Concord educator gives back: Walking in South African shoes

By Oliver L. Longo Correspondent
April 19, 2023

Walking into the darkness of a Cape Town children’s home with no electricity in 2009, Concord resident and Middlesex School  math teacher Amy Gleason had what she called “her moment.”

She described revisiting a group of 15 children she had met in South Africa a year prior, and the indelible image of their “huge smiles” looking up at her from the floor where they were sitting huddled together. In that moment, Gleason thought “I am going to commit myself to them for the next 20 years.” 

Part of that mission is “Walk in Their Shoes,” a 5K walk on April 30 at 2 p.m. at Great Brook Farm in Carlisle. This will be the third year the walk will raise funds for Ubuntu Global Connections, a non-profit organization started by Gleason whose mission is to connect South African citizens with the resources that they need. 

Since its start just over 10 years ago, Ubuntu Global Connections has now raised over $350,000 across the various South African based non-profits they are partnered with. One of these organizations is Axium Education, which works to raise student achievement, improve literacy and build a love of learning through supplemental academic help. 

For many South Africans, poverty and unemployment tragically dictate their lives. The current unemployment rate in South Africa is 27 percent with that figure rising to 60 percent for ages 15-24 years old. 

“The country has really been struggling with corruption and a lack of hope for the future,” said Gleason. 

A large part of this disparity can be traced back to roots in a struggling education system, where most South African students aren’t able to access the necessary tools to advance academically. It’s common to have 70 second graders in a classroom with one teacher. 

According to Gleason, “The drop out rate is very high, very few students go beyond high school, and many many don’t make it to graduation in the normal school system.”

Gleason is simultaneously at opposite ends of an educational and socioeconomic spectrum. Having been to South Africa 35 times, Gleason said, “I feel as if I live in two worlds.” Her dialectical experience as both a math teacher at the private Middlesex School while concurrently being immersed in the underfunded schools in South Africa has been humbling and perspective altering for Gleason. 

What unites these two different worlds is the value of education. Gleason noted, “I have a basic belief that all children around the world should have access to quality education.” She has dedicated her career to educating young people and her work in South Africa is an extension of her passion for learning and teaching. For many of these kids, their time at the Axium programs is the best part of their day. The Walk in Their Shoes fundraiser’s goal is to raise awareness and benefit Axium in hopes to make education more accessible in South Africa.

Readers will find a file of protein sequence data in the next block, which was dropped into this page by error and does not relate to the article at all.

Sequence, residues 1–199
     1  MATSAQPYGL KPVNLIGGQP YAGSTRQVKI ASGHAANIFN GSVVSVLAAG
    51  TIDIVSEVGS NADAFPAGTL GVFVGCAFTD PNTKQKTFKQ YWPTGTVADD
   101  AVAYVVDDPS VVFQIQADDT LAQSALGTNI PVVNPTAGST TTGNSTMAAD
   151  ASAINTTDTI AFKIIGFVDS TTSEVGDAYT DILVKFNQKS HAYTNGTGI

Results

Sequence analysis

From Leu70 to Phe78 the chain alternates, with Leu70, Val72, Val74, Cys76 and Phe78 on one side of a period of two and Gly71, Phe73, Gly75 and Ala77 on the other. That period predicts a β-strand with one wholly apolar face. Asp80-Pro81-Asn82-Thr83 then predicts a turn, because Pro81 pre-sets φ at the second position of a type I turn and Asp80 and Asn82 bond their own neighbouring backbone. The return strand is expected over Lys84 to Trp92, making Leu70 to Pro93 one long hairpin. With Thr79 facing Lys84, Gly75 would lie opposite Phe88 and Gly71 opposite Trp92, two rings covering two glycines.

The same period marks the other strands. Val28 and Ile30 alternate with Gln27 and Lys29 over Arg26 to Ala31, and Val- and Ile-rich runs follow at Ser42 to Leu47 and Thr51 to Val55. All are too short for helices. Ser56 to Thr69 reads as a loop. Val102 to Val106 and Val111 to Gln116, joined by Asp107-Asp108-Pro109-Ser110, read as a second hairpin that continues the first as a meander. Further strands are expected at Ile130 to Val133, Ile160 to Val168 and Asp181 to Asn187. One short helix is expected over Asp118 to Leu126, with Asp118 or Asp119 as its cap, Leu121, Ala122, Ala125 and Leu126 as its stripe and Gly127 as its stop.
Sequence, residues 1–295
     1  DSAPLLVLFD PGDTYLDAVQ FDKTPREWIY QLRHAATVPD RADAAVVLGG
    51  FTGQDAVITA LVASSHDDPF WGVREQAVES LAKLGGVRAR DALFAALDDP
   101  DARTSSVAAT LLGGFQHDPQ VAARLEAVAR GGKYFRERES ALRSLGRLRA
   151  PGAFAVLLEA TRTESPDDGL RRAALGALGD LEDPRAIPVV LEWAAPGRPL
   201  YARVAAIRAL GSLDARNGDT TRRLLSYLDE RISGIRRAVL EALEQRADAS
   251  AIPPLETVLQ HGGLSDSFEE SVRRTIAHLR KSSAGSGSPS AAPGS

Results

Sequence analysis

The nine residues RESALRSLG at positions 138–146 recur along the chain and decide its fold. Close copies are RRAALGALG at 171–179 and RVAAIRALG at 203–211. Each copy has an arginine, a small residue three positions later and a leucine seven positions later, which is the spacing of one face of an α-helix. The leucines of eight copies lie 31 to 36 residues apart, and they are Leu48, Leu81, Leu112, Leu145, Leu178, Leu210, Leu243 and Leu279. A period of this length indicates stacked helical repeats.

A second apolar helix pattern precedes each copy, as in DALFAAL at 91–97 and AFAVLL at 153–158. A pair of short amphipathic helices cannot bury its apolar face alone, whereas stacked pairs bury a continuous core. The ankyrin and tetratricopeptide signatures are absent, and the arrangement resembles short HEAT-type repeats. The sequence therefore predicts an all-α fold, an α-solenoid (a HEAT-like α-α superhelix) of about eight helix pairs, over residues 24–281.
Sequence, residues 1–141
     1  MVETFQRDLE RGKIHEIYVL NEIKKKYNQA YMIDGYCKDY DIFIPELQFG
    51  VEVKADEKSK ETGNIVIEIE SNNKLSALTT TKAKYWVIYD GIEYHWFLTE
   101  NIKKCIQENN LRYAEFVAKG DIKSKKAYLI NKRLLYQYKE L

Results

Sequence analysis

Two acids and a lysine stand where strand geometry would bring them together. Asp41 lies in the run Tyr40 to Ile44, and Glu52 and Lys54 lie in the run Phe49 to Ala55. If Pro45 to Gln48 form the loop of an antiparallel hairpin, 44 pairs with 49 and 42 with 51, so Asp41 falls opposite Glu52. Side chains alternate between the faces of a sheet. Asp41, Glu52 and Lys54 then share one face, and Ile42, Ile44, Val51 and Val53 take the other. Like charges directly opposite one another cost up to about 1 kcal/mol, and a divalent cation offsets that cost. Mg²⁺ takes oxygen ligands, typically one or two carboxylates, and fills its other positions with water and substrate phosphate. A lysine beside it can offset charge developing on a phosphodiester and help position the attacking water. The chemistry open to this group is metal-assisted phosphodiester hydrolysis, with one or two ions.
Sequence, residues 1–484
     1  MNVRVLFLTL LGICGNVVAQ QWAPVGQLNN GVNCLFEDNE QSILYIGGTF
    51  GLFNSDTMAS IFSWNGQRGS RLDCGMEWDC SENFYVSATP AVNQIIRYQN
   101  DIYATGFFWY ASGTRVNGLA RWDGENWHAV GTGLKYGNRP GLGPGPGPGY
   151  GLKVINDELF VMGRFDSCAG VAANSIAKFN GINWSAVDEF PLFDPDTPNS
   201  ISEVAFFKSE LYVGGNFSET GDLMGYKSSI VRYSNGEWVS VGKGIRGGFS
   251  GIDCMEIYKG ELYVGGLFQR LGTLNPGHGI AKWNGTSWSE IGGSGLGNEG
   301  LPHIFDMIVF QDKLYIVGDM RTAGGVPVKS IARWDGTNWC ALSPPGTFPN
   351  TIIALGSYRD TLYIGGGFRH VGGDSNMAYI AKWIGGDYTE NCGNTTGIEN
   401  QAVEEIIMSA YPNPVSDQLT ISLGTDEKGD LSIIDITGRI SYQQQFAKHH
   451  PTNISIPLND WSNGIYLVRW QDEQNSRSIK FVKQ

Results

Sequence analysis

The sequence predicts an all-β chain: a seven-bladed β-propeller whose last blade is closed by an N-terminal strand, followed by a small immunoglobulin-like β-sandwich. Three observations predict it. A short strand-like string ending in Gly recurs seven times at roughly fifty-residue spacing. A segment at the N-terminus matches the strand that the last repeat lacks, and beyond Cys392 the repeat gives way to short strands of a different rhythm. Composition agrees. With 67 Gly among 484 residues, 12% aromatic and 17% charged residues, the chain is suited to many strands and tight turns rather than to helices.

Because of the small size of Ubuntu Global Connection, Gleason has been able to maintain a personal connection with the people responsible for how donated money is used. She noted, “I think what makes us different is we’ve been pretty small and very personal … I have taken it very seriously that if I solicit money from other people I only want to do that if I can guarantee personally that it’s going to be used well.” 

Furthermore, Gleason acknowledged that “the value of the dollar in South Africa is so huge, the amount of impact that your dollar can have on people there is bigger.”

For those looking for more ways to support, you don’t necessarily need to donate money or purchase a plane ticket to South Africa. When asked how Concord residents can help, Gleason answered, “If we have a curiosity about the world, if we have an open mind, and we’re not just looking for the news that reinforces our views, and we actually seek it out, I think we can deepen our understanding and our compassion for others, and our ability to get outside of our world. We don’t have to go to South Africa to have that mindset; it’s something we can do from our living rooms”.

Gleason’s organization’s titular South African concept of “ubuntu” can be loosely translated to, “I am because we are,” or a kind of compassion and kindness recognizing that our existence only is because we are connected to others. For Gleason and her organization this is of utmost importance, but it is also relevant for everyone. 

For more information about Ubuntu Global Connections and the “Walk in Their Shoes” event, visit: